The ISCHEMIA trial definitely caused quite a chatter, and congratulations to the authors on a thought provoking and interesting study. I’m fascinated and can’t wait to do a deep dive on my own time. BUT, that’s for stable ischemic heart disease. There’s a time and a place for that, but that place is certainly not the ICU.
With that in mind, I’m going to briefly highlight a few presentations at this year’s AHA conference, and throw out a few breadcrumbs to pique your interest and hopefully encourage you to look into the primary literature.
Utilization and Outcomes of Impella vs IABP Among Patients with AMI Complicated by Cardiogenic Shock Undergoing PCI
In this talk, Dr. Sanket Dhruva and friends took data from the NCR CathPCI Registry, and created a linked cohort with the Chest Pain MI Registry. Out of 28,304 patients with AMI and CS, 8,471 received IABP only, 1,768 received Impella only. They were able to propensity match 1,680 (95%) of the Impella patients to IABP patients. The results were staggering: 45.0% mortality rate for Impella vs 34.1% with IABP. Major bleeds (as defined by the NCDR) occurred in 31.3% of Impella and 16.0% of IABP patients. They also stratified the patient event rates for pre and post-PCI initiation of mechanical circulatory support. Study perior was 10/2015 – 12/2017
Pre-PCI initiation of MCS:
- Mortality 45.6% vs 36.8% Impella vs IABP
- Major bleeding 27.4% vs 16.6% Impella vs IABP
Post-PCI initiation of MCS:
- Mortality 44.0% vs 32.2% Impella vs IABP
- Major bleeding 34.4% vs 15.7% Impella vs IABP
This was a historical cohort, this is observational data, and I think this highlights a need for a prospective RCT looking at the use of Impella vs IABP in patients with AMI and cardiogenic shock. Because of the nature of the dataset, the definitions of events were standardized across the board. I will also add that these patients were not stratified using the SCAI schema for cardiogenic shock (hard to use it when it wasn’t released during the study period!). Is it possible that the sicker patients got Impella more frequently? Sure, but, Dr. Dhruva noted that most of the Impella devices used were the small 2.5, and not the 5.0. A study I was a part of looking at trends in utilization and mortality with MCS published earlier this year also found similarly increasing trends in utilization of MCS, but no difference overall with regards to mortality. That paper, too, performed retrospective data analysis, and carries many of the same limitations as this study.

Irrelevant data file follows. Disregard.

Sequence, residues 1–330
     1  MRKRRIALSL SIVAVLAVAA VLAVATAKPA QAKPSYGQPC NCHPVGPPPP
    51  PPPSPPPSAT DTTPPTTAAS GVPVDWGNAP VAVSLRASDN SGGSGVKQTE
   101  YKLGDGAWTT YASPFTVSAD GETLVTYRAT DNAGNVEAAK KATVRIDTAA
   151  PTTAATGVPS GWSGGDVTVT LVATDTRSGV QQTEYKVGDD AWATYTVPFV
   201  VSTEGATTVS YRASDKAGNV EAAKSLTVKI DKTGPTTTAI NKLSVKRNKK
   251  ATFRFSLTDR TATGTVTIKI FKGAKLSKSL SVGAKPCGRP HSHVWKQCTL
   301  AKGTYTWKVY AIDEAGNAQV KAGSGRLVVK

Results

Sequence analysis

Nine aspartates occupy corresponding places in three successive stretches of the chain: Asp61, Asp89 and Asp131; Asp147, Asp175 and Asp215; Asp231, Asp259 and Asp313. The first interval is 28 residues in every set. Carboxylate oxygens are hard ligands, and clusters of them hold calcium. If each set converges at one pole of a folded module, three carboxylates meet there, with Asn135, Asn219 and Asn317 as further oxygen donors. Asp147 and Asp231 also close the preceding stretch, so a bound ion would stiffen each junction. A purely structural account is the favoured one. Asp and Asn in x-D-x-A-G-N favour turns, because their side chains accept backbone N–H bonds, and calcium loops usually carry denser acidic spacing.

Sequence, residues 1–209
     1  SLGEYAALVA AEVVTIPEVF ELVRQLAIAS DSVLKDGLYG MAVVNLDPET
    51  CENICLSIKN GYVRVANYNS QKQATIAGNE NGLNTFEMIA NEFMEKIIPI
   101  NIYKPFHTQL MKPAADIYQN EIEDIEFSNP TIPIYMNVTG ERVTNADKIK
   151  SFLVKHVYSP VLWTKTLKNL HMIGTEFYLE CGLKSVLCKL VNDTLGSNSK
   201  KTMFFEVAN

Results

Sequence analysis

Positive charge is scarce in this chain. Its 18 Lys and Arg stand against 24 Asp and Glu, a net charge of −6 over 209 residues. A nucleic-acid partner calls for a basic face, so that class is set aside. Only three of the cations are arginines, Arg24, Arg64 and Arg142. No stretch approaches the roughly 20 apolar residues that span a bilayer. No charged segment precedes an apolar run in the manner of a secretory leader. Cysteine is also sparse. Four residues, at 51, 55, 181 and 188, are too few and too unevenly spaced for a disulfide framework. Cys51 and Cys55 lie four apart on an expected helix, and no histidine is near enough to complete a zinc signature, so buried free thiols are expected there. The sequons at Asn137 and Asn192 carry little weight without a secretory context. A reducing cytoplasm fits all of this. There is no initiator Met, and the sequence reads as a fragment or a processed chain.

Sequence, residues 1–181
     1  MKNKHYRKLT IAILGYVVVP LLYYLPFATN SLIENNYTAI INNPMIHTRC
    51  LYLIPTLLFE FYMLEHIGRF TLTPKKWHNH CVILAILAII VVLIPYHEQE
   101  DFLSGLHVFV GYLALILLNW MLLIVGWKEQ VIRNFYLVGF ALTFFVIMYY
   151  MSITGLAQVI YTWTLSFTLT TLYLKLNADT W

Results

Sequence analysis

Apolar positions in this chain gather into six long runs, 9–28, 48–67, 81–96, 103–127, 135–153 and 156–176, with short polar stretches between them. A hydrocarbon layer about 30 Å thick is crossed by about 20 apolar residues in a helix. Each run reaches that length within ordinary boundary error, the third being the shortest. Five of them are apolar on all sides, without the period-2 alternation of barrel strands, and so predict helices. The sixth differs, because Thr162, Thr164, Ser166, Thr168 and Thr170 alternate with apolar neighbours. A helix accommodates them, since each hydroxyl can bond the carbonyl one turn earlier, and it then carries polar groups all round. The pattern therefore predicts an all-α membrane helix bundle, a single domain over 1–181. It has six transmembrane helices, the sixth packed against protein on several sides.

1 year outcomes of the COACT: Coronary Angiography after Cardiac Arrest Trial
You are the physician on-call at your ICU. You hear of a patient who had an out-of hospital cardiac arrest, the rhythm was VT, ROSC was obtained in the field, and the post-ROSC ECG showed no STEMI. Do you take them to the cath lab, or do you just focus on targeted temperature management & stabilize the patient? What if it was an electrically silent MI!?
This study sought to provide some guidance for scenarios such as the one above. Followup was assessed at 90 and 365 days for the 538 patients enrolled in this study.
Exclusion criteria was STEMI, obvious non-coronary cause of arrest, delivery of electric shock
Inclusion criteria: Initial shockable rhythm, comatose after ROSC (GCS < 8) , and no ST elevation on post-ROSC ECG.
End-result, 61.4% of patients in the immediate angiography and 64.0% in the delayed angiography group were alive 1 year post-arrest. No significant difference in rates of revascularization, MI, or hospitalization for heart failure or ICD shocks between either group.
Looking at the details, I saw roughly similar rates of PCI in both groups, I am curious if PCI utilizing FFR would have had different results in the delayed angiography group. Overall, I think this provides solid evidence to support the importance of focusing on stabilizing the post-cardiac arrest patient, and looking for other, non-cardiac causes of the arrest (assuming no obvious signs of MI).
Session on Hemodynamics in Cardiogenic Shock